May 2022 Meeting Report
Tonight, we started off with members telling us about all the tips and tricks they had learned, when they had attended the marquetry workshop at Dwellingup.
Ian said it had been well organised with good accommodation, and as we all know Martin was excellent at teaching and showing everyone the shortcuts that he had found, and the best way to get reliable results.
Everyone said that all staying together, and the social interaction between the members was what had made the workshop so special.
Len said he had originally done a veneer course with Kerrie Bear, but this was the first time he had used a saw to cut multiple shapes at the same time, he thought “frog” tape was brilliant, especially as he now knew it was supposed to go on the back!
Barry thanked Carolyn and Kevin for their work in keeping them fed but said that not everyone appreciated the 6.30am start.
He spoke about how he had used “sand” shading to improve the look of his work and passed around those items that he had finished for everyone to see.
Steve said that he had not even fitted a fret saw blade before he went, but had enjoyed modifying and making the cutting table, even adding scribe lines at right angles to show you where you were cutting.
Allan had been busy since he had got home and had brought a couple of his latest marquetry items for us all to see.
During Show and Tell, we heard from Kevin about the Collaboration Groups upcoming workshop at the Bunbury Cathedral Grammar College this September. They had organised for a French turner and carver to join them as a specialist artist in residence for the duration of the workshop. He asked if anyone was interested in joining them, to submit a request form which he had available.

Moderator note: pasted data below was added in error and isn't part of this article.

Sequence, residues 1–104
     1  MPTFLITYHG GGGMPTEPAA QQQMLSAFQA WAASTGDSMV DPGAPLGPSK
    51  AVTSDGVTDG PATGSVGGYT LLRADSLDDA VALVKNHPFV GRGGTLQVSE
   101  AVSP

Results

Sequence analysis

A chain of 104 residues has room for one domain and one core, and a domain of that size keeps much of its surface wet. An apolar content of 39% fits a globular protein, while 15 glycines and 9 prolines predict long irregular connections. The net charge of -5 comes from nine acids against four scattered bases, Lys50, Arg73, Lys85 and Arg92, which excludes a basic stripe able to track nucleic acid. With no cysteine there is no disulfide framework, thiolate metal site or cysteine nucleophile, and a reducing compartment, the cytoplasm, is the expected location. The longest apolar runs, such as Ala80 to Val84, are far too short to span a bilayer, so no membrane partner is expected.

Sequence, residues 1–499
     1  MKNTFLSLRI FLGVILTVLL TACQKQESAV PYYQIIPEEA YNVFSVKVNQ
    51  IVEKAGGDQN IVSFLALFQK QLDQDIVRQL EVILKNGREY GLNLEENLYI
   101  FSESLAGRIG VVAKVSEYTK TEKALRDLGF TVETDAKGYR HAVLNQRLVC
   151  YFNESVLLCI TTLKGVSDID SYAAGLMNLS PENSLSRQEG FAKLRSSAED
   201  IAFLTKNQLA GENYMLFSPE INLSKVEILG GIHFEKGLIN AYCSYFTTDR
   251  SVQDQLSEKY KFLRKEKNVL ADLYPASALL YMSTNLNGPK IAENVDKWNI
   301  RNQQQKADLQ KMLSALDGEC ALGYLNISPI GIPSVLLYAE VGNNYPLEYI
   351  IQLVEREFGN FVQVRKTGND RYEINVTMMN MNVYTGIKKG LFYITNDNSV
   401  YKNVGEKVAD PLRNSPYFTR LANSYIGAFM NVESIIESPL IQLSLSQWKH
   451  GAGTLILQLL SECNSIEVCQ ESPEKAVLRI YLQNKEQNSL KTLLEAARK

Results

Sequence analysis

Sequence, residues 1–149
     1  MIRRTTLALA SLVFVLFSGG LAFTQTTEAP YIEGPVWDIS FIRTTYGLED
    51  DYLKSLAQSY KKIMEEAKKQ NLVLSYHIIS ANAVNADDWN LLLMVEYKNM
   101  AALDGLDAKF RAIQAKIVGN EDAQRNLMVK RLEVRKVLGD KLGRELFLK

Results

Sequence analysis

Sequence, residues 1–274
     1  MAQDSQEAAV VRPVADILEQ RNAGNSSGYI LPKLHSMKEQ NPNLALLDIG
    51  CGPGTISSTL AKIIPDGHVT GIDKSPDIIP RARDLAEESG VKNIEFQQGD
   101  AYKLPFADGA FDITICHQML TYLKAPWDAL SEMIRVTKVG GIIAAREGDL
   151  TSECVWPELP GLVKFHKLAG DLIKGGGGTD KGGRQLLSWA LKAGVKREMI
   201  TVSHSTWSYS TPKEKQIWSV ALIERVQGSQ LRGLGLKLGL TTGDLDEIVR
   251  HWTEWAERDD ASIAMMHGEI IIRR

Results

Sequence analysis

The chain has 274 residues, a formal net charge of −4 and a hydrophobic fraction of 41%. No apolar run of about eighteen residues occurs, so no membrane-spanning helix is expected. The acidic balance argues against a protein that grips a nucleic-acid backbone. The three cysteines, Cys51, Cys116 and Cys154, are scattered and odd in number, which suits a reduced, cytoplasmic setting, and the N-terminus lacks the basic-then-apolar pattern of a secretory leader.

Laurie showed us his 75x60mm micromesh sanding pads which he recommended for getting a fine finish on your projects.
Ian then gave us an insight into the things that are detailed in his veneering workshops.
- The best veneer is sawn veneer, where you cut your own from timber that is especially figured or decorative. The problem being that this usually ends up something like 1.5-2mm in thickness and you lose the same amount due to the saw cut, which is not always ideal, and it is unsuitable for “book matching”.
- Sliced veneer was much more forgiving, where the logs are boiled and then sliced in a continuous sheet which means that you lose nothing from the log, and sheets are sequential in a pack and usually 0.7mm thick, this made it ideal for joining and “four-way book matching”
- Engineered Italian veneer was made by sourcing Indonesian timber, which is then pulped, dried and sliced into thin sheets and then printed. This is useful as all the sheets can be identical, and you can make veneers that are impossible to get naturally.
Ian had brought along some veneers and said that to see it’s finished colour you should only wipe it with methylated spirits as using water will raise the grain. He showed us how to use two mirrors to see what sort of effects and patterns we could make once the sheets were joined.
He recommended using a steel ruler with sandpaper attached to the back and a cutting knife for cutting across the grain, but said you would get better results with a piece of MDF and a veneer saw, when cutting down the grain.
New veneer saws typically needed to be “fettled” to get the best results and straight edges. He handed around samples showing his “four-way book veneer” tops and the sort of things you could expect to make at his workshop.
He also explained how, if you planed two pieces of veneer together, they would match perfectly, why you need to use masking tape and follow up with veneer tape and that he always used cross-linked PVA glue to get the best results from the vacuum bag.
Watch this space for his new course dates, to be announced soon!
Harry showed samples of veneers that Martin and he had collected, and these together with some marquetry packs would be available for sale at our next meeting.
So do not forget to bring your cash!